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International Journal of Tropical Insect Science

, Volume 24, Issue 3, pp 207–212 | Cite as

Influence of indoor microclimate and diet on survival of Anopheles gambiae s.s. (Diptera: Culicidae) in village house conditions in western Kenya

  • Bernard A. OkechEmail author
  • Louis C. Gouagna
  • Bart G. J. Knols
  • Ephantus W. Kabiru
  • Gerry F. Killeen
  • John C. Beier
  • Guiyun Yan
  • John I. Githure
Article

Abstract

The survival of female Anopheles gambiae s.s. mosquitoes inside two village house types (grass-thatched and iron-roofed) was studied in relation to diet and ambient indoor microclimatic conditions. Two batches of 20–30, 1-day-old laboratory-bred mosquitoes were maintained inside cages in the grass-thatched (n = 2) and iron-roofed (n = 2) houses and fed daily, one group on 10% glucose and the other on human blood. Throughout the experiments, indoor temperature and relative humidity of the houses were recorded, and mortality of mosquitoes monitored daily until all had died. The experiments were replicated thrice. There was no significant variation in the overall mean temperature (P = 0.93) or relative humidity profiles (P = 0.099) between the two house types, although the iron-roofed houses recorded higher temperature peaks. A Kaplan-Meier survival analysis showed that the mean survival times of mosquitoes were 8 and 10 days in the two grass-thatched huts and 7 and 10 days in the two iron-roof houses for mosquitoes feeding on blood and sugar meals, respectively. The mean survival times of mosquitoes maintained inside similar house types differed only due to diet. In the proportionality of hazards model (Cox regression), the dietary regimes significantly influenced the probability of survival (P = 0.0001), with mosquitoes surviving longer on sugar meals than on blood. Microclimatic factors inside houses also significantly influenced mosquito survival. Although higher peak temperatures were recorded in corrugated iron-roofed houses, the survival of the mosquitoes resting in them did not differ significantly from that in grass-thatched houses. However, the impact of these temperatures on the development of malaria parasites inside the vector needs to be investigated.

Key words

mosquito indoor survival house construction material Anopheles gambiae indoor microclimate western Kenya 

Mots clés

moustique survie à l’intérieur matériel de construction Anopheles gambiae microclimat intérieur Ouest du Kenya 

Résumé

La survie des femelles d’Anopheles gambiae s.s à l’intérieur de deux types de maisons villageoises (toiture en chaume ou en tôles) a été étudiée en relation avec l’alimentation et les conditions microclimatiques rencontrées à l’intérieur. Deux groupes de 20–30 femelles obtenues en conditions de laboratoire, âgées d’1 jour, ont été maintenus en cages dans les maisons à toiture en chaumes (n = 2) et dans des maisons à toiture en tôles (n = 2); ils ont été nourris chaque jour, un groupe avec du glucose à 10% et l’autre avec du sang humain. Pendant toute la durée de l’expérience, les températures et les humidités relatives intérieures sont enregistrées et les moustiques sont observés chaque jour jusqu’à leur mort. L’expérience est répétée trois fois. Il n’y a pas de différence significative entre la température moyenne (P = 0,93) et l’humidité relative moyenne (P = 0,099) des deux types de maisons, bien que les maisons avec la toiture en tôles enregistrent des pics de températures plus élevées. Une analyse de survie selon la méthode de Kaplan-Meier montre que la durée moyenne de survie des moustiques est de 8 et 10 jours dans les deux maisons à toiture en chaume et de 7 et 10 jours dans les deux maisons à toiture en tôles pour les moustiques se nourrissant de sang et d’eau sucrée respectivement. La différence de durée moyenne de survie des moustiques maintenues dans des maisons identiques est due uniquement au régime alimentaire. L’analyse par régression de Cox montre que le régime alimentaire influence significativement la probabilité de survie (P = 0,0001), avec des moustiques survivants plus longtemps avec des repas de sucre qu’avec des repas de sang. Les facteurs microclimatiques à l’intérieur des maisons influencent également significativement la survie des moustiques. Bien que des températures plus élevées aient été enregistrées dans les maisons à toiture en tôles, la survie des moustiques n’est pas significativement différentes de celle observée dans les maisons à toiture en chaume. Cependant, l’influence de ces températures sur le développement du parasite de la malaria dans le vecteur doit être étudiée.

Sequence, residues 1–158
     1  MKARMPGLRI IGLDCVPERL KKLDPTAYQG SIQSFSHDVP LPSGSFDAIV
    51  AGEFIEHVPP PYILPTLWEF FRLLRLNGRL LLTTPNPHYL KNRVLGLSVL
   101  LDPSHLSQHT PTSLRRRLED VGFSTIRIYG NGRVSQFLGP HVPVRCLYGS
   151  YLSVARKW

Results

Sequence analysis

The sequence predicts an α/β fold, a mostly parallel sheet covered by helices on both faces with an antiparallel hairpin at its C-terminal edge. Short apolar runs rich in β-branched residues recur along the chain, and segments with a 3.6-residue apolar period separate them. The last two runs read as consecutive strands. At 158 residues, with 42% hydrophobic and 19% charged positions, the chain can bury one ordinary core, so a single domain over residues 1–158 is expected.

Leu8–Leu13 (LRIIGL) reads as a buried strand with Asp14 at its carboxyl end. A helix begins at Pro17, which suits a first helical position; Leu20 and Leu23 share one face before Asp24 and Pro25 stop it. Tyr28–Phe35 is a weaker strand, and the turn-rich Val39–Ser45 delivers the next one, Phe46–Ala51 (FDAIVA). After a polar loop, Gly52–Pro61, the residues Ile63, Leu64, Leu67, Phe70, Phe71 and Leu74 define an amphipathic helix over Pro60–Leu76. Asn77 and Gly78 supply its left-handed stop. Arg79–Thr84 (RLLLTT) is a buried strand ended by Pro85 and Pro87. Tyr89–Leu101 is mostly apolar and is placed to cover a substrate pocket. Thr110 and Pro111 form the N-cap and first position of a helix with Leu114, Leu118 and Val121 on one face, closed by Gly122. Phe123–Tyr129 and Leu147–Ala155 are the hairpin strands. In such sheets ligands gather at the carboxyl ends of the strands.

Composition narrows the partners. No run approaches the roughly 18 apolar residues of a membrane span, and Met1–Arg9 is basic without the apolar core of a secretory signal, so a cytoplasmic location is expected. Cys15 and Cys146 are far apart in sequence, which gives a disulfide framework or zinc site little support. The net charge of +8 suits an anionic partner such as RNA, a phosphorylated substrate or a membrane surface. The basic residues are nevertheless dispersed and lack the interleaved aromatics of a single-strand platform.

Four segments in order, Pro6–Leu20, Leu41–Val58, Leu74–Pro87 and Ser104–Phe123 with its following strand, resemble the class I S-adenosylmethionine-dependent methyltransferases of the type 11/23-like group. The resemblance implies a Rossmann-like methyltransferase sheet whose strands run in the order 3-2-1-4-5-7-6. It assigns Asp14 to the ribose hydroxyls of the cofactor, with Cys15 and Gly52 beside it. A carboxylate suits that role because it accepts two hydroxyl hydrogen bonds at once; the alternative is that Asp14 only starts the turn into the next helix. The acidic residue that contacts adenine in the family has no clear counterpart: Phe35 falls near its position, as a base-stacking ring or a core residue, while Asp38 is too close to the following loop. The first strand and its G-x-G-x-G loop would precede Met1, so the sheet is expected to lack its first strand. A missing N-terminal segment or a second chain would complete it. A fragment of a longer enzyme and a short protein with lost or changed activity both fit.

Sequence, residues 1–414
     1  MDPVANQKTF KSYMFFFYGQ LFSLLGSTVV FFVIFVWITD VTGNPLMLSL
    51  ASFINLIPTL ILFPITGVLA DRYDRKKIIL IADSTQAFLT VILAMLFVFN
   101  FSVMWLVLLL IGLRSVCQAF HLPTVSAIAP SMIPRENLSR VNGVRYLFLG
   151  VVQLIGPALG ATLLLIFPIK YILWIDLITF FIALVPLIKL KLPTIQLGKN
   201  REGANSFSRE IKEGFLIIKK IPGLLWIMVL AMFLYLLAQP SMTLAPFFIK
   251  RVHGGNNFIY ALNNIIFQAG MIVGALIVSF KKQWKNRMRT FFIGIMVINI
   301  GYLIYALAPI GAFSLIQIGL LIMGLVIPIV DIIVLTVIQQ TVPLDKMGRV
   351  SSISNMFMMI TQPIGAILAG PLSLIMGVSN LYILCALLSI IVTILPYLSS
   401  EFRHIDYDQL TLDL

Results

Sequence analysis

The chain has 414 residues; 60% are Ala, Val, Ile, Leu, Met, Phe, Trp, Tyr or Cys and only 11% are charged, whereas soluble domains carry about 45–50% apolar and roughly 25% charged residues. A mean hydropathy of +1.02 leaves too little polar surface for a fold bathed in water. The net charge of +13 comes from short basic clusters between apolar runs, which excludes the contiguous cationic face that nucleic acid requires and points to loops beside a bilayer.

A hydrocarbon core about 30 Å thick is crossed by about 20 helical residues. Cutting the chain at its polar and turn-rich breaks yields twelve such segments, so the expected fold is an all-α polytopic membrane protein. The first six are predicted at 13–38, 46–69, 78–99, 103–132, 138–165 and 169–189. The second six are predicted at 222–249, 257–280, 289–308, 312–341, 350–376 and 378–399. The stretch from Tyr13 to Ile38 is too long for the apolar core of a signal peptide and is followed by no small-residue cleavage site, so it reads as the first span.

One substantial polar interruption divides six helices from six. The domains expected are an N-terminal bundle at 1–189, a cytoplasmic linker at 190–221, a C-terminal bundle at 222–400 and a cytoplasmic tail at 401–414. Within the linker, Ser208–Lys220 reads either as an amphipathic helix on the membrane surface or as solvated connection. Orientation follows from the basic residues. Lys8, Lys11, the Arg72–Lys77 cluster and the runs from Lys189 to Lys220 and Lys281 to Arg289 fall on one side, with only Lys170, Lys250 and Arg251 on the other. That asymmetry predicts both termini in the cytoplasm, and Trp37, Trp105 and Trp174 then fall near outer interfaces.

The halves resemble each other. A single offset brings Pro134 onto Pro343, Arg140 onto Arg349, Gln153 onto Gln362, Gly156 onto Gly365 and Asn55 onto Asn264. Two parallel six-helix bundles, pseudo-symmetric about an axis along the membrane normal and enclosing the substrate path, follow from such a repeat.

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Copyright information

© ICIPE 2004

Authors and Affiliations

  • Bernard A. Okech
    • 1
    • 2
    • 3
    Email author
  • Louis C. Gouagna
    • 1
  • Bart G. J. Knols
    • 1
  • Ephantus W. Kabiru
    • 3
  • Gerry F. Killeen
    • 1
  • John C. Beier
    • 5
  • Guiyun Yan
    • 4
  • John I. Githure
    • 1
  1. 1.International Centre of Insect Physiology and Ecology (ICIPE)NairobiKenya
  2. 2.Kenya Medical Research InstituteNairobiKenya
  3. 3.Department of ZoologyKenyatta UniversityNairobiKenya
  4. 4.Department of Biological SciencesState University of New YorkBuffaloUSA
  5. 5.Department of Epidemiology and Public HealthUniversity of Miami School of MedicineMiamiUSA

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